On July 2, Google became aware of fraudulent certificates that were incorrectly issued to Google-owned domain names. The certificates were issued by National Informatics Centre (NIC) of India, which is a subordinate certification authority (CA) to Indian Controller of Certifying Authorities (India CCA).

The miss-issued certificates could have been used to spoof content, perform phishing attacks or perform man-in-the-middle (MITM) attacks.

Any fraudulent activity would have limited. The India CCA root certificate is only trusted in Microsoft Windows. It is not permitted for use with Firefox, Android, Apple iOS or OS X. Further, for Google domains it would be detected in Chrome with Windows through public key pinning.

The following actions were taken to resolve the problem:

  • Google blocked the miss-issued certificates in their CRLSets
  • India CCA revoked the subordinate CA certificate issued to NIC. Google also blocked these revoked certificates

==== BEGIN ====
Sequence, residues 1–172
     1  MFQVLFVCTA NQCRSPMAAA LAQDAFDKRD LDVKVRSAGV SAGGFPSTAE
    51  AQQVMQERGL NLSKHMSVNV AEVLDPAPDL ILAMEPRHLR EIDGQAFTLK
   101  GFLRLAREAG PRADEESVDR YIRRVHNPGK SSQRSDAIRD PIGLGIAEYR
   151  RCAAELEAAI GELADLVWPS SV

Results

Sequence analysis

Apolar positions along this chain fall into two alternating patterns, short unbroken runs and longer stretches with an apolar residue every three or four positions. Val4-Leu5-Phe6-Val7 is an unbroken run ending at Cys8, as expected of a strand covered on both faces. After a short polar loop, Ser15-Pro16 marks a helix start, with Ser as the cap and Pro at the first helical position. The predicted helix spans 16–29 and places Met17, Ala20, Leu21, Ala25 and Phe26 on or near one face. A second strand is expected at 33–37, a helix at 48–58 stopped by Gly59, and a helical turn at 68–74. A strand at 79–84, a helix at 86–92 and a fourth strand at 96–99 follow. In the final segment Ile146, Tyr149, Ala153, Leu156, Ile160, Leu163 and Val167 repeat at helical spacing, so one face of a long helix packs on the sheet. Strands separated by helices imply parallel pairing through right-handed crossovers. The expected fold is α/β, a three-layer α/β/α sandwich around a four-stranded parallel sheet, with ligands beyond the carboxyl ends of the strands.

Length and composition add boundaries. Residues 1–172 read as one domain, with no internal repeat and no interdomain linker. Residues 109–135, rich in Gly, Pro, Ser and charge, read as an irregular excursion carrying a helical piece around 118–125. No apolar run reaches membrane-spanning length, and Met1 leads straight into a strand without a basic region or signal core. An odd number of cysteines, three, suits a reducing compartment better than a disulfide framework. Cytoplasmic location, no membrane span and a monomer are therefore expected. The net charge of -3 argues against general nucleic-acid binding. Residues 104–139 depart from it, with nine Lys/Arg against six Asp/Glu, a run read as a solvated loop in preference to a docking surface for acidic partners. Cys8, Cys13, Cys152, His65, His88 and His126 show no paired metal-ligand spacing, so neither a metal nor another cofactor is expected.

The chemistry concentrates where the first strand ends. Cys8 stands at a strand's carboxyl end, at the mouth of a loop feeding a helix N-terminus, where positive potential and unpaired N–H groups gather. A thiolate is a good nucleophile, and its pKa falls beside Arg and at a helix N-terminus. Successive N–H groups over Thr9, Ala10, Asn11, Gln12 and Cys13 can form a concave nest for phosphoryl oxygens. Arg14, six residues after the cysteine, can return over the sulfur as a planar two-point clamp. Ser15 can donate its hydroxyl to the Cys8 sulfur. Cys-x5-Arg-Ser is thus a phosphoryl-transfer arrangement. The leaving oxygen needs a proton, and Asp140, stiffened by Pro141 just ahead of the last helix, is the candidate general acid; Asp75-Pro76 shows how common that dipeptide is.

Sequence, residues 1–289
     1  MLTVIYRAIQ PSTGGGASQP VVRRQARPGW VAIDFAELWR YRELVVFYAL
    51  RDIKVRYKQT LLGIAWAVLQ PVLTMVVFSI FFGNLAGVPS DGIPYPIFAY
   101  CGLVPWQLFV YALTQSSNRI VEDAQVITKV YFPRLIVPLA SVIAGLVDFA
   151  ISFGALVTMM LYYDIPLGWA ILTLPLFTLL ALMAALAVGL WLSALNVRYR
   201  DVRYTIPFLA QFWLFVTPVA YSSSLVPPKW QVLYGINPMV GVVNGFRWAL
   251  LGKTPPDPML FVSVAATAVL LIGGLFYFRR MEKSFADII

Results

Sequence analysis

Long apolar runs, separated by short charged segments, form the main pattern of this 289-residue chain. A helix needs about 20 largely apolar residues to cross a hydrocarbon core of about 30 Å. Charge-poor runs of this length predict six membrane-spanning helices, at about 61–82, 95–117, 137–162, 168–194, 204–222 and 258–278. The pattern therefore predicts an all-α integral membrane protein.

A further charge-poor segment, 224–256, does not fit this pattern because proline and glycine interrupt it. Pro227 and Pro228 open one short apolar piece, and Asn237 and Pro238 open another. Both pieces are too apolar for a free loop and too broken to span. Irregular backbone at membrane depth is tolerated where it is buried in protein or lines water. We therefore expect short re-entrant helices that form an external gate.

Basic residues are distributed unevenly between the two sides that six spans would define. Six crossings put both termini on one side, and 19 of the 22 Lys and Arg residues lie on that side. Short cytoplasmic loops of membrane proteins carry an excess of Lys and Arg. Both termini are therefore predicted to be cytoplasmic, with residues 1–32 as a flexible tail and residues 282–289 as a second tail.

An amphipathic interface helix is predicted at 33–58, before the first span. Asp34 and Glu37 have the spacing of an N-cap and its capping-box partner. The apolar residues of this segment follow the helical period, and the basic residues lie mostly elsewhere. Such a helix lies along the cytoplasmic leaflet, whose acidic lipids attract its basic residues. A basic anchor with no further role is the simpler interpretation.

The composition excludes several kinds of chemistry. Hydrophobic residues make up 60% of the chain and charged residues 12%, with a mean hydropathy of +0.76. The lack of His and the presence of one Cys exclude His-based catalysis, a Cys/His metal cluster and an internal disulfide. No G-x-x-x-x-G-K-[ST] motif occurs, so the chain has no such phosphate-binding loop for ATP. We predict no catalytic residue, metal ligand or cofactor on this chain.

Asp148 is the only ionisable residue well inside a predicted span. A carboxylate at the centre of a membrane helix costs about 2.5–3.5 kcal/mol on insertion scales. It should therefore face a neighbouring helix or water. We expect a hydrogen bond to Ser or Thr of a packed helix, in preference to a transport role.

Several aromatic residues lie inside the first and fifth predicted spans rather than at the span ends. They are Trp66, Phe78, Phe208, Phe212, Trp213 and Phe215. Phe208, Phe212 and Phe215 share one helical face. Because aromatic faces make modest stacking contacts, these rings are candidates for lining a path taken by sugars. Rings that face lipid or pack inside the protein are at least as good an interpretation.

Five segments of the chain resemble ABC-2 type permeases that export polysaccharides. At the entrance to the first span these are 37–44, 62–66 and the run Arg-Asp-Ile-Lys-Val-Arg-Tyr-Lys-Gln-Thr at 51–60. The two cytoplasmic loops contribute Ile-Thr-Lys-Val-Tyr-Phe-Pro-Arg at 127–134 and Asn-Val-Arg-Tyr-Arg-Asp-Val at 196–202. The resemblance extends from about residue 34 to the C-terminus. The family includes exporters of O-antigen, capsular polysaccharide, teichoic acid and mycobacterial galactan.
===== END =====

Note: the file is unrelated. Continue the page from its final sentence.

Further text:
• Microsoft updated their Certificate Trust List (CTL) to remove trust of the fraudulent certificates in Windows
  • Google, through a future Chrome release, will limit trust of the India CCA root to the following domain names: gov.in, nic.in, ac.in, rbi.org.in, bankofindia.co.in, ncode.in and tcs.co.in

Although the SSL industry has taken many measures to prevent fraudulent certificates from being issued, we see that it can still happen. When preventative measures do not work, it is argued that a monitoring system is required to allow domain owners to detect when a certificate has been issued for their domain names.

The monitoring system at the forefront is called Certificate Transparency (CT), which Google is pushing to be deployed. We will address CT in a future blog post.